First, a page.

Location: Sunflower and Plant Biology ResearchTitle: Crop growth and productivity of winter camelina in response to sowing date in the northwestern corn belt of the USA
|WITTENBERG, ALEX - North Dakota State University|
|BERTI, MARISOL - North Dakota State University|
Submitted to: Industrial Crops and Products
Publication Type: Peer Reviewed Journal
Publication Acceptance Date: 10/19/2020
Publication Date: 10/30/2020
Citation: Wittenberg, A., Anderson, J.V., Berti, M.T. 2020. Crop growth and productivity of winter camelina in response to sowing date in the northwestern corn belt of the USA. Industrial Crops and Products. 158:1-12. https://doi.org/10.1016/j.indcrop.2020.113036.
Interpretive Summary: Camelina (Camelina sativa) has the potential to serve as a low-input oilseed crop for cover and/or as a source of oil used for advanced biofuels and human consumption. Camelina consists of both summer and winter annual biotypes. In the northern Great Plains, winter biotypes of camelina are being evaluated for economic and environmental benefits as components of double- or relay- cropping systems. Because additional information on best management practices are needed to help farmers adopt winter camelina as either a winter-hardy cover crop or a cash crop, objectives of this study were to determine optimum fall sowing dates for increased survival, seed yield, and several ecosystem services in the northern Great Plains. When winter camelina was used as a cover crop, sowing prior to mid-September was critical for biomass production and reducing soil residual nitrate. However, when winter camelina is harvested as a cash crop, the highest harvestable seed yield after overwintering was observed with fall sowing in September and even as late as early October.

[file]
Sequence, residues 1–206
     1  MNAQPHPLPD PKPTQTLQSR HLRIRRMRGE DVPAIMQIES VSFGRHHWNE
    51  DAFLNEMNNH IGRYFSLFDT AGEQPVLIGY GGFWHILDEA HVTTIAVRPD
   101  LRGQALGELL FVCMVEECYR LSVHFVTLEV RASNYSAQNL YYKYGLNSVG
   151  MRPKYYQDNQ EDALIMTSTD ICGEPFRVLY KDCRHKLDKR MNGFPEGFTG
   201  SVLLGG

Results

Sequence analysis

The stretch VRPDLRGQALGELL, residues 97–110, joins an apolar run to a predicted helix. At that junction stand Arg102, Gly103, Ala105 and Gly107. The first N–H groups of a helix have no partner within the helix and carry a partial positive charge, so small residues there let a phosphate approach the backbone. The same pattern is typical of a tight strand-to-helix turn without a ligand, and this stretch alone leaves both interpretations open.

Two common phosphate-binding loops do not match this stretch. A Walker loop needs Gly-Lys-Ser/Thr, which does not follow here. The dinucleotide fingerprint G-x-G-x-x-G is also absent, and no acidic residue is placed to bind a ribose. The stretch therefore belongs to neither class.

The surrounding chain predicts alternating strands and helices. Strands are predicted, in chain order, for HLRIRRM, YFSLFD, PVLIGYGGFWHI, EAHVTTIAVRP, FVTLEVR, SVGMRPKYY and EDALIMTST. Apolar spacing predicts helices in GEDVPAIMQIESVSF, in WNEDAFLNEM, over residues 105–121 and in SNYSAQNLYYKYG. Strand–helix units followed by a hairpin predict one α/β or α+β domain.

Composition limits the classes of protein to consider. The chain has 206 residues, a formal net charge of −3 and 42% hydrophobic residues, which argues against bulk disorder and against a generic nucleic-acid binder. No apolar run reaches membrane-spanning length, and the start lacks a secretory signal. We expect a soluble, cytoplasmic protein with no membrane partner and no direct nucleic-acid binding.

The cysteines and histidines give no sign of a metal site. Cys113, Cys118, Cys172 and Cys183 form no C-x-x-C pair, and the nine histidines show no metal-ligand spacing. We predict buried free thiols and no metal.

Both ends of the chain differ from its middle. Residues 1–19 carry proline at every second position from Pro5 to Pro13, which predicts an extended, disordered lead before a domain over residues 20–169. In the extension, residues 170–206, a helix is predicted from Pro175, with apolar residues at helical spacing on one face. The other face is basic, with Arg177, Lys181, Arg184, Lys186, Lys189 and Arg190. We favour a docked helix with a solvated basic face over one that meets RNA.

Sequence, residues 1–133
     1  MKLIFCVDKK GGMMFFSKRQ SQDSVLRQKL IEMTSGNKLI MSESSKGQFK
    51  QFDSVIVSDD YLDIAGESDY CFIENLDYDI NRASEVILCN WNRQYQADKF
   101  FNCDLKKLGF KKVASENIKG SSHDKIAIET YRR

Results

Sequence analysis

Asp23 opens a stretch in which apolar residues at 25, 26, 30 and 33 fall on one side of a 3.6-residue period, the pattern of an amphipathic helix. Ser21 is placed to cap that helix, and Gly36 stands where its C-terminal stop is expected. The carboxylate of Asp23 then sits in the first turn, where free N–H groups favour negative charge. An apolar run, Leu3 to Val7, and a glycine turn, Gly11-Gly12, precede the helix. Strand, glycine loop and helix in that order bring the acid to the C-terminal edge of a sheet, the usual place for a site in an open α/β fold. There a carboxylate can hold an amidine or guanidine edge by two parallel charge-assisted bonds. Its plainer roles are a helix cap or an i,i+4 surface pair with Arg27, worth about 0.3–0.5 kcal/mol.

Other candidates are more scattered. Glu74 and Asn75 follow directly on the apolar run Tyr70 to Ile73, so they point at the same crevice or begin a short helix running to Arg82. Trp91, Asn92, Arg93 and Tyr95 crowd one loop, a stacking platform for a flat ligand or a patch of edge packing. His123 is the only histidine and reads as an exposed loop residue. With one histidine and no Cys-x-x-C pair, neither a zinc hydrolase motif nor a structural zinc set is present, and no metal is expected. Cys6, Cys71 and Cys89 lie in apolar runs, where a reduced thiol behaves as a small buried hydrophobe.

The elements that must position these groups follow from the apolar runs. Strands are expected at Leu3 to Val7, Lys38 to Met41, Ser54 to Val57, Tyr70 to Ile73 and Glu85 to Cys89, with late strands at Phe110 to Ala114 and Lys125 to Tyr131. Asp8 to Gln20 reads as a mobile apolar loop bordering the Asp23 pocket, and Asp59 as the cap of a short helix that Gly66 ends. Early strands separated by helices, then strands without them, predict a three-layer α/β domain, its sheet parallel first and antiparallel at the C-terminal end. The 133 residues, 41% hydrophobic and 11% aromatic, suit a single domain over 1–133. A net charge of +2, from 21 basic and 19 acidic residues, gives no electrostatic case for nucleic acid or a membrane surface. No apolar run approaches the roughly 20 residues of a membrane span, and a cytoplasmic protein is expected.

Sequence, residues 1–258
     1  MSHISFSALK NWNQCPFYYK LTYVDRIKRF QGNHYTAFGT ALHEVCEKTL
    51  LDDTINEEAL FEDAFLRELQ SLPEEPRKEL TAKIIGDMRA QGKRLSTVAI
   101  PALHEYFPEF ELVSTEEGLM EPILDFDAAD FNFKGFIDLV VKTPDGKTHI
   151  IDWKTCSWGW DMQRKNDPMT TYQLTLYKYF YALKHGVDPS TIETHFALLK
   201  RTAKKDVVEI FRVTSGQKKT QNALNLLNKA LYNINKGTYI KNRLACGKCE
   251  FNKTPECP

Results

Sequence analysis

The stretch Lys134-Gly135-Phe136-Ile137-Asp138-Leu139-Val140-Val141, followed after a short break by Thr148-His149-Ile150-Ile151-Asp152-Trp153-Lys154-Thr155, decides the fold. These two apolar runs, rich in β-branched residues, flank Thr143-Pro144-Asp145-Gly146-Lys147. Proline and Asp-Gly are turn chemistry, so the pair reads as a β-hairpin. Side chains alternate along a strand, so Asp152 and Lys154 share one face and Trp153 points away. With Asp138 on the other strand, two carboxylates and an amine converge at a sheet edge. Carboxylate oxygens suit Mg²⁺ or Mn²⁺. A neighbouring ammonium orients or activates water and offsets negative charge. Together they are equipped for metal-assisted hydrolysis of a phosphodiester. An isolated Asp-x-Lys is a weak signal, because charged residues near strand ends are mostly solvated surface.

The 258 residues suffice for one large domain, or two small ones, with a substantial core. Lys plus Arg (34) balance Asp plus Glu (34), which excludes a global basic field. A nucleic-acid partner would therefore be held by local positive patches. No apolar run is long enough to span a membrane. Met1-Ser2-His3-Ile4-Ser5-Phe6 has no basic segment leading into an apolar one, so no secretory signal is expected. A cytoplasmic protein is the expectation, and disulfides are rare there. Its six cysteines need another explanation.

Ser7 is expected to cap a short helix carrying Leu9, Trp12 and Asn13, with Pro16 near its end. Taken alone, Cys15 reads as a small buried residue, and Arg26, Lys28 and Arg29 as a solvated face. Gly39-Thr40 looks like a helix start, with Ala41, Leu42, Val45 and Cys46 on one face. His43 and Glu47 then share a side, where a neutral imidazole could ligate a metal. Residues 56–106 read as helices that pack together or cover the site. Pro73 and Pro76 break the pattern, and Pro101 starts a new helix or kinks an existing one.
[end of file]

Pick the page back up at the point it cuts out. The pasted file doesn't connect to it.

Technical Abstract: Camelina [Camelina sativa (L.) Crantz] is a member of Brassicaceae family. In the northern Great Plains, camelina has the potential to serve as a low-input oilseed crop for cover and/or as a source of oil used for advanced biofuels and human consumption. Winter annual biotypes of camelina provide additional economic and environmental benefits in the northern Great Plains, where it is well suited for double- or relay- cropping systems. The objective of this study was to determine optimum sowing dates for achieving the highest winter camelina seed yield as well as several ecosystem services. The experiments were conducted in Fargo, ND in 2017-2018 and in Fargo and Prosper in 2018-2019 seasons. Six sowing dates from the end of June to mid-October were evaluated. The experimental design was a randomized complete block with four replicates at each location. A total of 700 pure live seeds m-2 were sown in each date. Fall stand counts ranged from 17 to 279 plants m-2 with greater stands at later fall sowing dates. Spring stand counts ranged from 7 to 84 plants m-2, with higher stand counts in sowing dates from the beginning to mid-September. Across sowing dates that survived the winter, seed yield ranged from 99 to 1317 kg ha-1. Results from these three environments indicate that winter camelina sown before September usually does not survive the winter. However, when sown in September and even into October, plants can successfully survive the winter and produce a harvestable crop in the subsequent growing season in the northern Great Plains.